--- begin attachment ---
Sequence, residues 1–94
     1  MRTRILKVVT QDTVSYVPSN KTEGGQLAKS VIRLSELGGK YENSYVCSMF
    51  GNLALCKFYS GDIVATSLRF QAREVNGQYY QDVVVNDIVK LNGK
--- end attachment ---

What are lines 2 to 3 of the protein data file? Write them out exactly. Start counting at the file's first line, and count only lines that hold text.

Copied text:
     1  MRTRILKVVT QDTVSYVPSN KTEGGQLAKS VIRLSELGGK YENSYVCSMF
    51  GNLALCKFYS GDIVATSLRF QAREVNGQYY QDVVVNDIVK LNGK